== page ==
The rise of casual gaming on social media websites like Facebook is leading to an uptick in the game development business in SA.
Mark van Diggelen, CEO and founder of SA casual and social gaming company SkillPod, says that although game development in SA is not as big as it is internationally, local programmers are taking a keener interest in it as a career path.
“In the past two years, there has been more interest, but it will still take two or three more years before we start seeing a real increase,” he says.
Casual gaming has enjoyed a boom in recent years, spurred by the growth of smart devices. Companies such as Apple and Google have also made it easier for potential developers to distribute their content through application stores.
One of the most popular and addictive casual games is Angry Birds, developed by Finland’s Rovio Mobile. Angry Birds reached a milestone in sales on Monday, with 10m downloads across various platforms. US company Zygna, which makes FarmVille and CityVille, has also cashed in. Zynga was recently valued at US$3bn.
Some social games now incorporate micropayments, which represent a new revenue stream for developers. However, it has been tough for SA developers to use these channels because they’re not all available locally.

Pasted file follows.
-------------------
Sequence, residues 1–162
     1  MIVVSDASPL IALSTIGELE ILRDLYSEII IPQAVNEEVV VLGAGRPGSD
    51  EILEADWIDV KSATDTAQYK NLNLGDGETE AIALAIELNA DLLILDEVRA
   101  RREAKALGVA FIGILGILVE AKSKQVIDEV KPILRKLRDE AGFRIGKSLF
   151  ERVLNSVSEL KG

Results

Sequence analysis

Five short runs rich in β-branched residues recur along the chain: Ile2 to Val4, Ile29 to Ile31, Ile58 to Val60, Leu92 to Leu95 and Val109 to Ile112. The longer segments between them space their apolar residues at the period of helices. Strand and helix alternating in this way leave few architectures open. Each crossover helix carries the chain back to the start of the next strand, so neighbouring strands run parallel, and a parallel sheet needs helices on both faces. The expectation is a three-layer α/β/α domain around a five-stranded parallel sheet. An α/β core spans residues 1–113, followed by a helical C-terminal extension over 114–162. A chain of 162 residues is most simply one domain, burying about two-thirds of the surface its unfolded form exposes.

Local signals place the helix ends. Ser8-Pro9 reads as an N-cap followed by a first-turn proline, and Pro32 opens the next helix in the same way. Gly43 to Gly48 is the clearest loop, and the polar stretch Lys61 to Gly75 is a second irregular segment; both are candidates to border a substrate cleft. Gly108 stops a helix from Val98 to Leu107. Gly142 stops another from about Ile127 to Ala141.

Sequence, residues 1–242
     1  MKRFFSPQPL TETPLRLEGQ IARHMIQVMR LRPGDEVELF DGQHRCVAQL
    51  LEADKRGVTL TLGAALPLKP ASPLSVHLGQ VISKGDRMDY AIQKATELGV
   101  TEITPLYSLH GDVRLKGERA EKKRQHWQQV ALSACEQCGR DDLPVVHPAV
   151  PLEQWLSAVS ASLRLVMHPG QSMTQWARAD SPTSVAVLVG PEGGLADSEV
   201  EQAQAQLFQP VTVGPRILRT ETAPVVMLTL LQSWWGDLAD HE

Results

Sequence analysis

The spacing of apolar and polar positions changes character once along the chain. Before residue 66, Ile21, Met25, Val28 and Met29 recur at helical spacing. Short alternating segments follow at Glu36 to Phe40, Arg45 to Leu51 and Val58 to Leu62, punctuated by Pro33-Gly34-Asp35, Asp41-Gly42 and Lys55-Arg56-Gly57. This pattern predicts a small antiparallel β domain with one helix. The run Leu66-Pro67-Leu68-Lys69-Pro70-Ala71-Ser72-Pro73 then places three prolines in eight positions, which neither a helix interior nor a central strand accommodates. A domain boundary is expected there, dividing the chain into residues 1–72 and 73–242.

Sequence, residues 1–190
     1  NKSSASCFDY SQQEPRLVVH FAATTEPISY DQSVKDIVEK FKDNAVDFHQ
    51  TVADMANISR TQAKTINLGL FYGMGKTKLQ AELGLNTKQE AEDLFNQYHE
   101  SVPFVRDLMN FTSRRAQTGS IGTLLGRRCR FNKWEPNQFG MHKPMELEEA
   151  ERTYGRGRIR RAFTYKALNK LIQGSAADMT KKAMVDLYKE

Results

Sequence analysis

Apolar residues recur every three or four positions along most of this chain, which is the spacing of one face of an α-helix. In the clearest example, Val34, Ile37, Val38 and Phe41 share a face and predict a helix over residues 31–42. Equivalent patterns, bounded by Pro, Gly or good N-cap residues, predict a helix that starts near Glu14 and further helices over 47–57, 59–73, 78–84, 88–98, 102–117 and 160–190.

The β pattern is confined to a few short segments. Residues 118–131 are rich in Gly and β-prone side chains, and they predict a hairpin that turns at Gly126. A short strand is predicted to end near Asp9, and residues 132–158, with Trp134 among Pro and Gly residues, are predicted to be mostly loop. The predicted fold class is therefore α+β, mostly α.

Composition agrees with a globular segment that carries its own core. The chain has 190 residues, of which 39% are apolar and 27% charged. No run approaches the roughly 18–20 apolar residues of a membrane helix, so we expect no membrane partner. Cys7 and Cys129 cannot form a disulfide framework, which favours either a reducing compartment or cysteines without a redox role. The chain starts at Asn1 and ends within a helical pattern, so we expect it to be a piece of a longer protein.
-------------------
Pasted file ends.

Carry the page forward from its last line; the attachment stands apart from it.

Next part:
However, he says companies like Amazon, which has made contributing content to stores more accessible to people outside the US, are changing the game. “Nokia realised SA developers couldn’t get their content into its store, and now helps developers load their content,” he says.
SA companies have been slow to take advantage of the growing social gaming market, but Van Diggelen says easier distribution and better education has started to increase the profile of games development in SA.
“There are now courses at SA tertiary institutions specifically tailored for game development, though there aren’t enough. When the education system starts to focus on the space, South Africans will start seeing game development as a viable career option,” he says.
Casual gaming in SA remains a relatively untapped market — only 10% of SkillPod’s customer base is local. The bulk is in Europe.
SkillPod has developed a platform for social and casual gaming that is being used by publishers and game specialists. In SA, media companies Media24 and Independent Group use it for their casual game services online.
The company has about 750 games on its platform. They integrate fully with micropayment services and social network platforms. — Candice Jones, TechCentral